Conventional diagnosis: Severe insomnia, mood disorder, migraine headaches.
Traditional diagnosis: Hyperactive liver syndrome accompanied by severe depletion of the kidney organ system and yin substances.
Treatment plan: Calm and regulate the liver system and tonify the kidneys and yin substances.
Expected results and timeline: One- to two-year course of treatment with herbs, diet, acupuncture, and healthy lifestyle changes; slow progress.
Lifestyle changes: I suggested starting with twenty minutes of yoga each morning. Yoga, which means “union,” helps us integrate our inner world with the outer body in a way that promotes a sense of ease and contentment. The practice begins with simple stretches, coordinated with breathing and gentle but increasingly deep concentration on what our body is feeling and doing.
Diet: For a hyperactive liver, simple, nongreasy, mostly vegetarian fare works best. Eat about 40 percent fresh fruits and vegetables, mostly raw in the summer and lightly cooked in the winter; 30 percent whole grains and well-cooked beans; 10 percent organic and high-quality meat and fish; 10 percent nuts, seeds, and organic dairy; and about 10 percent “comfort” foods of the patient’s choice.
Medications: Richard had tried all of the major pharmaceutical and over-the-counter sleeping aids. He was taking the most popular drug, Ambien, but had also tried tricyclics, selective serotonin reuptake inhibitors (such as Zoloft),and antihistamines (such as Benadryl). These worked for a while, he reported, but ultimately he began to feel anxious.
Herbs: Liver-calming and cooling herbs such as burdock root (Arctium lappa), dandelion root (Taraxacum officinale), yellow dock (Rumex crispus), gentian (Gentiana lutea), and Oregon grape root (Mahonia aquifolium) are indicated here. They can be used regularly, before meals, in tincture form (up to 1 teaspoon of tincture in a little water or herb tea) or in powdered extract form, in capsules or tablets—take 2 or 3 capsules or tablets twice daily around mealtimes. Reishi (Ganoderma lucidum) is a favorite of mine for people with sleeping imbalances and hyperactive livers; take 2 capsules twice daily. Additionally, I recommended a long-term course of herbs to support Richard’s kidney system and yin substances. These formulas (such as Liu Wei Di Huang Wan) can be purchased from herb shops.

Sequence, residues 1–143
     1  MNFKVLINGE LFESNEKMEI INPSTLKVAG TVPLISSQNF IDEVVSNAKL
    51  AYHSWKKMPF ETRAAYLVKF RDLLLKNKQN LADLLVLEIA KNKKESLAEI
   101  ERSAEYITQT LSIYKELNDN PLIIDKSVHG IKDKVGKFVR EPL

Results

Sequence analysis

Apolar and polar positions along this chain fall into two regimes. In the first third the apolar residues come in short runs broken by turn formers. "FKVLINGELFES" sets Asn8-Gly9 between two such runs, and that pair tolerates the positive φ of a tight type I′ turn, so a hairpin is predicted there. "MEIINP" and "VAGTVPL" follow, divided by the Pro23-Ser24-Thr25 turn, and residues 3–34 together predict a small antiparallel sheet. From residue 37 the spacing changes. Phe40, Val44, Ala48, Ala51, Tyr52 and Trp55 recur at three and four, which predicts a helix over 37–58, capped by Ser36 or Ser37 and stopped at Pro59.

After consulting the literature for interactions between St. John’s wort (Hypericum perforatum), calming herbs (such as kava), and Ambien, I started Richard on a formula to help lift his mood and hopefully to regulate serotonin metabolism, reducing the need for pharmaceuticals. The calming formula consisted of 50 percent California poppy and 50 percent St. John’s wort, 2 to 3 capsules of the extract powder, two or three times daily. Additionally, I had him take 1 or 2 high-potency kava gel caps (80 percent kavalactones) before bedtime.
Sleeping problems can be very persistent, or they can ease up quickly. In Nicole’s case, as I expected, she responded well. With regular acupuncture, and following the rest of the program consistently, she felt a decided difference within about a week, and that kept her coming back. Good results are always the best promotion for natural medicine. As for Richard, after a year, he was still working with the natural program and slowly improving. The best testimony was that he continued to come back. He told me that his sleep had improved about 20 percent after several months and that he felt significantly better than he had with the medications. As a natural skeptic, that’s why I still believe in the holistic approach. Considering everything, people keep telling me they feel better.
Christopher Hobbs’s case studies are gleaned from his thirty years of studying and practicing herbalism. Hobbs, a fourth-generation botanist and herbalist, is an Herbs for Health editorial adviser and licensed acupuncturist. He is the coauthor of Vitamins for Dummies (IDG, 1999) and many other books.
“Case studies” is not intended to replace the advice of your health-care provider.